In less than two months’ time, the American reading public has lost two giants. In late August, the popular author of gritty crime novels, Elmore Leonard, passed away at age 87. Earlier this week, the equally renown author of spy thrillers, Tom Clancy, died at age 66.
These two men chose to write about two very different subjects, but within their disparate topics a world of commonalities abound. Both wrote in very traditionally male genres. Their characters were strong, complex and driven. Their styles of prose are similarly forthright, spare and engaging.
Elmore Leonard opens his novel, “Get Shorty,” with these lines: “When Chili came to Miami Beach twelve years ago, they were having one of their on-and-off cold winters: thirty-four degrees the day he met Tommy Carlo and had his leather jacket ripped off. One his wife had given him for Christmas, a year ago before they moved down here.”
Contrast that with the opening passage of Tom Clancy’s best-seller, “The Hunt for Red October”: “Captain First Rank Marco Ramius of the Soviet Navy was dressed for Arctic conditions normal to the Northern Fleet submarine base at Polyarny. Five layers of wool and oilskin enclosed him. A dirty harbor tug pushed his submarine’s bow around to the north, facing down the channel.”
The men described could not be more different. Leonard’s Chili Palmer is muscle for loan sharks. We don’t need many more details to see Palmer wince at the Miami cold. He wears a leather jacket — an artifact from his Brooklyn upbringing. He functions in the new environs, but they aren’t his. Even so, it’s only a small step to learn of his grander plans for fame, fortune and a movie deal.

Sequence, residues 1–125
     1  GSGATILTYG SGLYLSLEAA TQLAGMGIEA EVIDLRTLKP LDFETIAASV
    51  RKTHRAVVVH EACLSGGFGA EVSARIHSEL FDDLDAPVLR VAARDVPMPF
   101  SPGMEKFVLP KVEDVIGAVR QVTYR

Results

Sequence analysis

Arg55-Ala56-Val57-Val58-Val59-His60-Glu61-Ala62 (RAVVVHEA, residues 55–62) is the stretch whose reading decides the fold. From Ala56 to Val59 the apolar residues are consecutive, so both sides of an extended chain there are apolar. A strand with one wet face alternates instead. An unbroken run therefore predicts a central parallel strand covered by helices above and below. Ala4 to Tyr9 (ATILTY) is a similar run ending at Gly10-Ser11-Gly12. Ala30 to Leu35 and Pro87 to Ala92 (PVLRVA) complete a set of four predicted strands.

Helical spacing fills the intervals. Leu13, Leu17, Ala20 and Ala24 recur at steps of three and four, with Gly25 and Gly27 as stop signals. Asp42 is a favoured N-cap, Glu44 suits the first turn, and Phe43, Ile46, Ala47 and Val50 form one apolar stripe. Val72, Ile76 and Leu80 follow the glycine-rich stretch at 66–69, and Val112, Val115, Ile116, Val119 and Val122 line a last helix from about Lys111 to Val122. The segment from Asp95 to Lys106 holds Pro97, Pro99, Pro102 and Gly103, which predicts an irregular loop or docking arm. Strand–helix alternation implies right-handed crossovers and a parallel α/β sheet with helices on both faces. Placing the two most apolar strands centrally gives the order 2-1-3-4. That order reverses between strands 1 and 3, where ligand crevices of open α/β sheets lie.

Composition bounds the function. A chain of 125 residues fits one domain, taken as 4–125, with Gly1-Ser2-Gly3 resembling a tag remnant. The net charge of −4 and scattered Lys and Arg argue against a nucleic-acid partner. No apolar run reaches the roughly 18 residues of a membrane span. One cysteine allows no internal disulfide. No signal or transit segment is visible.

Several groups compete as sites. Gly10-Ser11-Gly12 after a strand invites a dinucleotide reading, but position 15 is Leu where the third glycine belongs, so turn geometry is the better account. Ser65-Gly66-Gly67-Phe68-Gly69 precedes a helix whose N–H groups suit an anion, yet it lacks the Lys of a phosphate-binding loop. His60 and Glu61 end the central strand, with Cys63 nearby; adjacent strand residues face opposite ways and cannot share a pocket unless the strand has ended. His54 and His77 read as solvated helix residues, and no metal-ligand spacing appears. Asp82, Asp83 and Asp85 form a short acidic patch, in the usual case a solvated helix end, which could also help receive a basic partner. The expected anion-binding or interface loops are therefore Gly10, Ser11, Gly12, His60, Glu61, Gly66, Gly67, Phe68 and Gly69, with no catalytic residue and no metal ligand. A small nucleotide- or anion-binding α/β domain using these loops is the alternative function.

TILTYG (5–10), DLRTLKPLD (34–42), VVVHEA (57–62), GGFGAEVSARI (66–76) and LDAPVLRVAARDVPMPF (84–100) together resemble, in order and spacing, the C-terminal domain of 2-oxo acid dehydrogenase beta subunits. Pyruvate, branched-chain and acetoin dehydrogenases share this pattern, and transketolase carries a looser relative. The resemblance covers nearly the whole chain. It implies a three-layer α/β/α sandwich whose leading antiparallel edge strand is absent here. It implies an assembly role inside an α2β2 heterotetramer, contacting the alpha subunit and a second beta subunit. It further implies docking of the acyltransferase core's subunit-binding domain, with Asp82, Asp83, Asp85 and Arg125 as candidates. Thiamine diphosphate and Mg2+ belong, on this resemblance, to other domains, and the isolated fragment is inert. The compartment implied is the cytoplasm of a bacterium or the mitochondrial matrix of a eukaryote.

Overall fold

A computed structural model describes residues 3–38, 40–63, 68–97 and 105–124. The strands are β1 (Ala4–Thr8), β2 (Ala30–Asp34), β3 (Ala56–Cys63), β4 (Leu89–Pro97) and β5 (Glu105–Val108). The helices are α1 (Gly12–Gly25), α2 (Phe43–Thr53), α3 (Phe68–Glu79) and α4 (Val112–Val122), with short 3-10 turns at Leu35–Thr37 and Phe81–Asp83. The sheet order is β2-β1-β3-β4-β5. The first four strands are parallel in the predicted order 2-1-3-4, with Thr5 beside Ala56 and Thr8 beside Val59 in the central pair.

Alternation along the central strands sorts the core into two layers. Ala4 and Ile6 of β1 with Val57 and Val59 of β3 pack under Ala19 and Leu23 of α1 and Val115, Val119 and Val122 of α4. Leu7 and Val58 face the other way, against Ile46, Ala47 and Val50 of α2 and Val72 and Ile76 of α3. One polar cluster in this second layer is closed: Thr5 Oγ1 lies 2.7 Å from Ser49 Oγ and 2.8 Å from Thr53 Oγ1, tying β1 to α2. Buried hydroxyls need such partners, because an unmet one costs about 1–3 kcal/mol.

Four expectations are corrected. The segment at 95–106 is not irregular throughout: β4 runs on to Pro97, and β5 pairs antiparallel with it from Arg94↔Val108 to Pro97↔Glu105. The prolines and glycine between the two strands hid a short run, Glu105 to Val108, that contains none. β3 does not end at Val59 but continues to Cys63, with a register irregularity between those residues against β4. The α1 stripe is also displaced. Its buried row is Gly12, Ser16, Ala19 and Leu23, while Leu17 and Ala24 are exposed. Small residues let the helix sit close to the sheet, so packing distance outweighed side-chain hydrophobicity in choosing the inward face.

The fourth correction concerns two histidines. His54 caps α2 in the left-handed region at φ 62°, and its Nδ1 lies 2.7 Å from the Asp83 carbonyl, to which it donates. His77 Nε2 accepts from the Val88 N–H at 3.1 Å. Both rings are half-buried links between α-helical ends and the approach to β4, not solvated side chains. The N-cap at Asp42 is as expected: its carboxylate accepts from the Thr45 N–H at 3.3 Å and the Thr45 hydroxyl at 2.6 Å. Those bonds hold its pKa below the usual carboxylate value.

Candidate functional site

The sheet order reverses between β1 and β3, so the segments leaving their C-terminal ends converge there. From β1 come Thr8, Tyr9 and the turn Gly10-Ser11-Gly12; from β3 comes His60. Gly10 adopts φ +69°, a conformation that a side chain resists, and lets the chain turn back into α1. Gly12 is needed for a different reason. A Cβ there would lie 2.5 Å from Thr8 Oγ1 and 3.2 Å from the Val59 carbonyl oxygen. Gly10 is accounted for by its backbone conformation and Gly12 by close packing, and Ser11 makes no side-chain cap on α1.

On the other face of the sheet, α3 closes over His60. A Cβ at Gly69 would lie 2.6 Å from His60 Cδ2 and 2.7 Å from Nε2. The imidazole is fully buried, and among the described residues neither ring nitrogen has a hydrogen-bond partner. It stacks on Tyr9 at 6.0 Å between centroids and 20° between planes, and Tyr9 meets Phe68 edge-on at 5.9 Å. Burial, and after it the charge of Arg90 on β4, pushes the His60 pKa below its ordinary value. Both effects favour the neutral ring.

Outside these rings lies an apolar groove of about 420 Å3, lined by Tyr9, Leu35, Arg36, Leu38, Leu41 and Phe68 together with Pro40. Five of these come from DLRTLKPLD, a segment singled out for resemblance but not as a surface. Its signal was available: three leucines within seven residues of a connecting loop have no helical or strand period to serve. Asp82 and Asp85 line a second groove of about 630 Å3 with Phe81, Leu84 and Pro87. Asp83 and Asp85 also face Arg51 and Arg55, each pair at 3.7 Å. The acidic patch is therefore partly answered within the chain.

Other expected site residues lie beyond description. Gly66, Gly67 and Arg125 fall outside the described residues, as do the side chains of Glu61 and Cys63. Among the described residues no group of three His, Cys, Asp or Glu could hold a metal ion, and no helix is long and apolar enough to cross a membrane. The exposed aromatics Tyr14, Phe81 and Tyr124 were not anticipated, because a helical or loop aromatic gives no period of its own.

By contrast, Clancy’s Marco Ramius is inured of the cold. It is woven into him so deeply that he’s indifferent to the sting. He has his own deal to wrangle, but his isn’t about fame or fortune. Known by his comrades as “the Vilnius Schoolmaster,” Ramius is stoic, studied. He’s no less driven, but his drive emanates from principle and ethics.
Both Leonard and Clancy have the rare gift to make readers care about their characters. Even when their characters are psychopaths, narcissists or emotional menhirs, we want them to make out OK.
Both Clancy and Leonard were fortunate enough to realize great success during their lifetimes. Each writer had several of their novels recast onto the silver screen. Because their style of dialogue has an often clipped and staccato rhythm to it, their stories translate easily into film.
Similarly, their characters have depth and breadth sufficient to fill the screen. While guns are fired and things blow up, the pyrotechnics are there as mere adjuncts to the plot. Unlike so many forgettable Transformer-esque movies, the flash and bluster are driven by the plot, not the other way around.
Perhaps this is why these authors enjoyed so much popularity. They had the capacity to take us on long, uncertain journeys — journeys that seemed to be worth the time it took to take them. These were not just pages filled with action for actions’ sake. They were filled with action because their characters are people of action. They are heroic and flawed, studied and absurd.
While the genres elevated by the two egressed authors may not appeal to everyone, to those who love their stories a great void has been left on pages yet unwritten.
Ah, but we get one more taste of Clancy, as he was awaiting the publication of a new novel “Command Authority,” due out on Dec. 3. Opening the pages of that one will certainly be bittersweet.